What does get most of the series’ attention is the vast number of pretty high school boys with oddball uniforms. Koyo plays against several teams in official matches, one of which has a truly unfortunate uniform that combines pastel pink with white tiger stripes (even worse when we consider that most of the Adelbert Gakuen boys have pastel hair), and we meet at least two others , one while at a training camp and the other in passing. The former is made up entirely of professional entertainers and seems to serve very little purpose besides making sure that “hot idols” is ticked off the checklist of “stuff that appeals to girls,” while the latter is the premier high school team in our heroes ‘ region. In fact, their star player is the guy whose moves inspired Haru, but a couple of low-key meetings and a failed grudge match between the two of them doesn’t quite merit their presence in the story, which could have moved along with Yamato’s idol remaining an off-screen aspiration. That, at least, would have kept their “escaped from a marching band” school uniforms from assaulting our eyes.
This brings us to the series’ main fault: it feels very much as if it’s just going down a list of things that have done well in shows with male casts that appeal to female viewers in the past without actually realizing what made those shows work. In my own experience, what is primarily appealing about shows like Haikyu!! or IDOLiSH7 is not the fact that they’re populated with pretty boys, but the character development and interactions. They could just as easily star garden slugs and be as good, because the ways that the various players evolve as characters is the draw. The team format simply allows for those interactions and developments to happen, and simply being a collection of attractive characters isn’t enough to move things along. While Futsal Boys!!!!! does make a token effort in that direction, specifically with the Taiga/Ryu friendship and the Haru/Sakaki rivalry, it doesn’t spend the time to make them stand out in the otherwise crowded series. Yes, it’s fun to see them play a game and win, but that’s not enough to carry an entire story, and just throwing in bits and pieces that have worked in other titles isn’t going to make this one particularly memorable.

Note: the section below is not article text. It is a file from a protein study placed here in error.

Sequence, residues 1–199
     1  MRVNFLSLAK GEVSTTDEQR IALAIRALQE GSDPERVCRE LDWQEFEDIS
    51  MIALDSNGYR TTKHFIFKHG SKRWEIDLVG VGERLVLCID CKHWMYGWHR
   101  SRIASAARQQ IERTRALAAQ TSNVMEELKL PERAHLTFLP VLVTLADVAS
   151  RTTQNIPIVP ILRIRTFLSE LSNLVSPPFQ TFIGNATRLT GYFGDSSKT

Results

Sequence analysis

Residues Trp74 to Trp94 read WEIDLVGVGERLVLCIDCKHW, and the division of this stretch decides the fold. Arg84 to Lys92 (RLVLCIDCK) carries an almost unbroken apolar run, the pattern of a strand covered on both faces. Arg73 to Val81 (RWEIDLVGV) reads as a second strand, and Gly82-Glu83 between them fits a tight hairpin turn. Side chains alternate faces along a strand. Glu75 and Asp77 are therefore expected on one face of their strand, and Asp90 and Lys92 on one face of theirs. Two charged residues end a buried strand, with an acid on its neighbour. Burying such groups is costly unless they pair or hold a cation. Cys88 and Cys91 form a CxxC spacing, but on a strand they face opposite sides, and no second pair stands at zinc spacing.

It’s a shame, because futsal (a soccer/football variant developed in Uruguay) isn’t a sport that gets a lot of anime airtime and there are elements of this series that are appealing. It also isn’t helped by the fact that the art often has perspective issues and that post-action shots are often just a frame or two too long. The voice acting is also fine, although I feel as if there are more effort noises than are typical; possibly this is because the music is a bit underwhelming, making them stand out more. This just isn’t as good a story as it could have been, bogged down by trying to throw in too many elements of other, more successful shows and not spending the time to develop any one of them. If you’re desperate for a sports show that incorporates futsal, well, maybe check out DAYS instead. Otherwise, this will do in a pinch.